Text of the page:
Almost ten years ago now, John Piper published his very personal and powerful testimony of what God could accomplish through crisis, entitled Don’t Waste Your Cancer. The title was slightly shocking, definitely thought-provoking, but it turns out that a long time ago a Fisherman-turned-preacher was writing the same kinds of things: “In all this you greatly rejoice, though now for a little while you may have had to suffer grief in all kinds of trials.” (1 Peter 1:6) Perhaps more shocking to our modern mindset is Peter’s idea that this experience was everyday normal. “Dear friends, do not be surprised at the fiery ordeal that has come on you to test you, as though something strange were happening to you,” (1 Peter 4:12). Somehow we cling to the notion that suffering and disappointments are not normal to life…or at least have the idea that they are interruptions to real life, and we should do whatever it takes to resolve them quickly, with as little damage as possible, so we can go back to the pursuit of happiness we are surely entitled to. It sounds as irrational as it is, when you write it out like that. Even more strange is the blithe assumption that bad things are more likely to happen to other people. Really? Odd that we fail to see the illogic in this almost universal misdirection.
And it’s like we have this picture with a number of the puzzle pieces missing, so that the entire image is still a mystery. All we know for sure is that if we have to suffer pain, we want it be meaningful in some way– we don’t want our ordeal to be wasted. Peter says the meaning is found in the promises of God that assure us of who we are and where we are going. He writes to the early believers: “In His great mercy He has given us new birth into a living hope through the resurrection of Jesus Christ from the dead, and into an inheritance that can never perish, spoil or fade.” (1 Peter 1:3-4) God’s promises give us forward-looking perspective on whatever we are facing here along the way, and the point from both these good preachers stands like a beacon: when we find ourselves in the fire, clearly there is more to see than only flames.
Peter says the main purpose of trials is to re-shape our hearts, and goodness knows, mine needs a new shape. Sometimes it seems like my transformation into Jesus’ likeness moves at a snail’s pace, so maybe I should welcome the rough patches, see them for what they are: a crucible, where the circumstances of life combine and interact to create something new in me. I do understand that, how pain and grief make us wrestle with what we actually believe, examine our flawed ideas about who God is. I recognize that stripping away of what Pastor Tim Keller refers to as functional idols— the things we depend on in our everyday life instead of God. I don’t know about you, but I find it incredibly easy to grab onto any solid thing that offers to ease the stress I feel, distract from the hard things I don’t want to face….often without thought for how well it can actually save me. And it’s a tragic irony that so many of the lifelines I can cling to are only holding me stuck where I am– just one more thing to burn. Better to let go, hold out empty hands and fall into the arms of the Savior who stands next to me in the fiery furnace. It is a severe mercy that takes away the things that separate us from the One who loves us more than life.That kind of loss only makes us stronger.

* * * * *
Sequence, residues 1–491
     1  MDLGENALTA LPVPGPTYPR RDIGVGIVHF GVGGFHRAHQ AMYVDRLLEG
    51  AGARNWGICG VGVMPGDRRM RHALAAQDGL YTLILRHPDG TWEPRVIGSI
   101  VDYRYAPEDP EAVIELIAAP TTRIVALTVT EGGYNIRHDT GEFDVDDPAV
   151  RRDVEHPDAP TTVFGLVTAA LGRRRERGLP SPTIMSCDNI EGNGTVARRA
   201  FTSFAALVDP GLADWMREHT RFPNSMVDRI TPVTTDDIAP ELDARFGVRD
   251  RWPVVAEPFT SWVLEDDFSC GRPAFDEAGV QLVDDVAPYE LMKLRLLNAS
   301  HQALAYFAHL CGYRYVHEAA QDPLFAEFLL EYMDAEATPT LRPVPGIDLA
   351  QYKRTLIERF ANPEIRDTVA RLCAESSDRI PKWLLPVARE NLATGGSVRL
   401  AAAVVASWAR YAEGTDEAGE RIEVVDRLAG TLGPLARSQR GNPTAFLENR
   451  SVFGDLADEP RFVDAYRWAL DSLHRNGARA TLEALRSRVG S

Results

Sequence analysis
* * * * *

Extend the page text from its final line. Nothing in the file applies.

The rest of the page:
And right there I discover the more personal value of pain. The author of Hebrews encourages his readers with these words: “For we do not have a high priest who is unable to empathize with our weaknesses, but we have one who has been tempted in every way, just as we are—yet he did not sin.”(Hebrews 4:15) He has walked the path of suffering Himself, and when we are content to follow Him there, we come to know Him better, understand His heart. When everything else burns away, we can see Him face to face; as we pour out our hearts to Him, we begin to understand that it is His own love that is the consuming fire, for He will not tolerate anything but the best for us. As a wise sister said recently: “Prayer is the weapon we wield that makes everything else we do survive fire.” (Ann VosKamp) And I can hear the Musician-King singing, “You make known to me the path of life; in Your presence there is fullness of joy; at Your right hand are pleasures forevermore.” (Psalm 16:11) I believe this with my mind, but in following Him through suffering my heart gets to learn to sing along through the tears.
The way to waste pain is to miss the point of it– refuse to let God use it for His good plans. And all of me can get in the way of what He is accomplishing. My pride, my self-sufficiency, my fear and anger and refusal to listen, my running away to anything other than Him. If I can remember that trials are just part of life, and tools in God’s powerful hands, there is not a moment that will be wasted. Lord, give me eyes to see You, ears to hear Your voice, and a teachable heart that does not fear the fire.
These [trials] have come so that the proven genuineness of your faith—of greater worth than gold, which perishes even though refined by fire—may result in praise, glory and honor when Jesus Christ is revealed.1 Peter 1:7
There’s nowhere I’d rather be,
When You’re singing over me–
I just wanna be here with You.
I’m lost in Your mystery;
I’m found in Your love for me–
I just wanna be here with You
So let all that I am
Be consumed with who You are,
All the glory of Your presence–
What more could I ask for?
With You, Elevation Worship